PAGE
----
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No. 3.

Occurrence of rain during the different times of day, recapitulated from

table No. 6 e and 6 f.

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Mean

h. m. hm. h. m. h. m. h. m.lh. m. h. m. h. m. h. m. lh. m.lh. mlh. m.

h. m. 0 321 51 421 542 494 506 3717 276 4815 27/1 17 43 31

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No. 4 - Course of clouds.

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No. 5.

Observations on the motion of strata of clouds of different heights at Colonia Tovar.

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1

Cir. and very high clouds. 2

Mid.stra. 7,500--9,000 h.
Low, stra. 7,000—7,500 h.

High.
2

Middle,
3 Lower

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21 Lower.

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2 Middle.
3 Lower.

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Middle. 1 Lower.

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E.SE, fog

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High. 21 Middle, 21 Lower.

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No. 5-Continued.

E. E.SE. SE. sse. s. s.sw.sw.w.sw w. W.NW NW.N.nw n. N.NE NE. ENE.

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From this we see that during the time from April 3 to April 22–

The E and E.SE. currents have been chiefly in no other but the lower strata.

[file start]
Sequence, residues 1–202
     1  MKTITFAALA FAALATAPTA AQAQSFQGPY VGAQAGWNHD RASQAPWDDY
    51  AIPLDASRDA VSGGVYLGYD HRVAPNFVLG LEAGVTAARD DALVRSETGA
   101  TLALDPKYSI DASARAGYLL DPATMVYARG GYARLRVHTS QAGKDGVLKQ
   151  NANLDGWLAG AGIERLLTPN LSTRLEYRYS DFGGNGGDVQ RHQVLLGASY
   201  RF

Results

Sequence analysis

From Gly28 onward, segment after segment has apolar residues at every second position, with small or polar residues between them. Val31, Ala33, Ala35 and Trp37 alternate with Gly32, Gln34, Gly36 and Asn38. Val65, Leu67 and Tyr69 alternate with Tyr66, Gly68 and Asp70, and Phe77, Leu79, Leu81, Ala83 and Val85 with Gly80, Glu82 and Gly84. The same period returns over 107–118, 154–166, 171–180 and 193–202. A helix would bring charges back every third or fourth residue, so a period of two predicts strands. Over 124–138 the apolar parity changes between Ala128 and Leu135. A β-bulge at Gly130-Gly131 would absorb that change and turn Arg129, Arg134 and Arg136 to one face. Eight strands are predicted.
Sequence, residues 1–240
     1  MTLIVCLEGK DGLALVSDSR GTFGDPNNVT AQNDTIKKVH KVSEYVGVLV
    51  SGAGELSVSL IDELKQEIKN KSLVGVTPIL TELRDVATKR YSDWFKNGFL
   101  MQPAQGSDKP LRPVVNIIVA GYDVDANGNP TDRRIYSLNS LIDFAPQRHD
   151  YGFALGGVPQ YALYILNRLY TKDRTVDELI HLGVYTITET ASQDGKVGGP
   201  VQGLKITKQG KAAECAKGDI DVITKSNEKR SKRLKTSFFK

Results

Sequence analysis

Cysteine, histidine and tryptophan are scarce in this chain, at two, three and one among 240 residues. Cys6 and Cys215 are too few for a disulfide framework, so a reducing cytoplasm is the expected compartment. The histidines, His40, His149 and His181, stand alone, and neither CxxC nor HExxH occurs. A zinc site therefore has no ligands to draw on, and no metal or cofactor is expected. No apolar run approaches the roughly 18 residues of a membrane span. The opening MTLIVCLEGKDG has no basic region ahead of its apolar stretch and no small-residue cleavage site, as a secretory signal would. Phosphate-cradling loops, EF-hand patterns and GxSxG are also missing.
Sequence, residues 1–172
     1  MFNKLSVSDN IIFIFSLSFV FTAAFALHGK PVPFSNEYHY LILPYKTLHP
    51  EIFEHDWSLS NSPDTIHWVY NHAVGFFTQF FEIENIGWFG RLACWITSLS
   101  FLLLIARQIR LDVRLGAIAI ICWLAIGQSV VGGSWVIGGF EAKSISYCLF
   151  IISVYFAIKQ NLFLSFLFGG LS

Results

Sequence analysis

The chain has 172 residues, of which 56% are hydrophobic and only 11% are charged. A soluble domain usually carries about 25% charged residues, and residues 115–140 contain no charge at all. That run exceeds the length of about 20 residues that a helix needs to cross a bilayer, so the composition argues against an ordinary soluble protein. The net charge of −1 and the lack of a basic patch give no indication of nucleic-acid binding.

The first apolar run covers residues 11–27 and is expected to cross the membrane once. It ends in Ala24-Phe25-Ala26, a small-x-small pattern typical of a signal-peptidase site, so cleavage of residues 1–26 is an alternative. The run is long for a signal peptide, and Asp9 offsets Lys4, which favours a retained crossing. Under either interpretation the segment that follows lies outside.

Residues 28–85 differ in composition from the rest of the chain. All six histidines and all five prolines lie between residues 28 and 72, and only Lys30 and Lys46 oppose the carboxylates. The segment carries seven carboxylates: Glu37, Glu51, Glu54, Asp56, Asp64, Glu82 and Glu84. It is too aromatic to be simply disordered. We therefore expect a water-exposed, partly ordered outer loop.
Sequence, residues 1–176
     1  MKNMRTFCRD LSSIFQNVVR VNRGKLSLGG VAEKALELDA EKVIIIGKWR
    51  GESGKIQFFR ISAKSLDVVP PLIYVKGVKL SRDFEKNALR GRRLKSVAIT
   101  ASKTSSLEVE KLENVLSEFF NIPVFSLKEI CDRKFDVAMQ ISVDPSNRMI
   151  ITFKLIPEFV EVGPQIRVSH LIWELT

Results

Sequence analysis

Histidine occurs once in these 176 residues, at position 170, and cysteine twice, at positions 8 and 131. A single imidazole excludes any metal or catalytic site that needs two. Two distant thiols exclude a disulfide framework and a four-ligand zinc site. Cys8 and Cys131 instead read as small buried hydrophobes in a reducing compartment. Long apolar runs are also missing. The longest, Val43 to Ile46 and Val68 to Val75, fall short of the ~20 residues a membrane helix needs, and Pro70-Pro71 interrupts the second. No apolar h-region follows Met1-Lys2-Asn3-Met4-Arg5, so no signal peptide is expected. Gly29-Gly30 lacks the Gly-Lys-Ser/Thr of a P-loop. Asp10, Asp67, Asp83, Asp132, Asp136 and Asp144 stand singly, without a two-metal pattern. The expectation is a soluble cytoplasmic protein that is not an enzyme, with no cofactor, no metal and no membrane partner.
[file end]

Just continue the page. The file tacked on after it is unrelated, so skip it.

The SE., 8, and SW currents have been chiefly in no other but the lower and middle strata.
The W, W.8W., and N.W.currents have been chiefly in no other but the upper and middle strata.

The N. cu rent has been in all three strata, the upper, middle, and lower strata.
Or expressed in another manner-

In the upper region occur chiefly W., NW, W.sw., N.
In the middle region occur chiefly S., SE., W., sw., N., NW., N.NE.
In the louer region occur chiefly S., SE, E., E.SE.

COLONIA TOVAR, VENEZUELA, June 11, 1857. DEAR SIR: Your kind letter of March 5, was received by me in due time, and a little box with eight pounds of mercury, for which I thank you very much, came to hand somewhat later, on the 3d of May.

Soon after the receipt of the mercury I went to work to fill the barometer tube according to your directions; but with every new trial I found that the mercury fell more and more below its standard height, although I was certain there could be no air above it. At first I could assign no cause for this failure; but the fact that I was losing regularly at every new trial suggested to me the idea, that in handling the mercury the latter might have taken moisture from the atmosphere. Accordingly, I placed the barometer tube containing the mercury and a Torricellian vacuum in a nearly horizontal position cautiously over a brisk charcoal fire, and in this way heated the mercury for some time, until no more bubbles were disengaged. I was hereby especially struck with the great quantity of escaping moisture, and never thought that mercury could have taken up so much from the atmosphere during the short period required for filling the tube. Can this property be due to the nitric acid, with which the mercury may have been purified, and which is known to absorb moisture from the air ? Thus, by boiling, and at the same time making use of your directions, I succeeded perfectly well in bringing the level of the mercury up to its standard value. In such a damp atmosphere as this the boiling of the mercury seems to be indispensable.

I have now the pleasure to say, that since the 9th of May the barometer may be considered to be as correct and precise as when I first received it.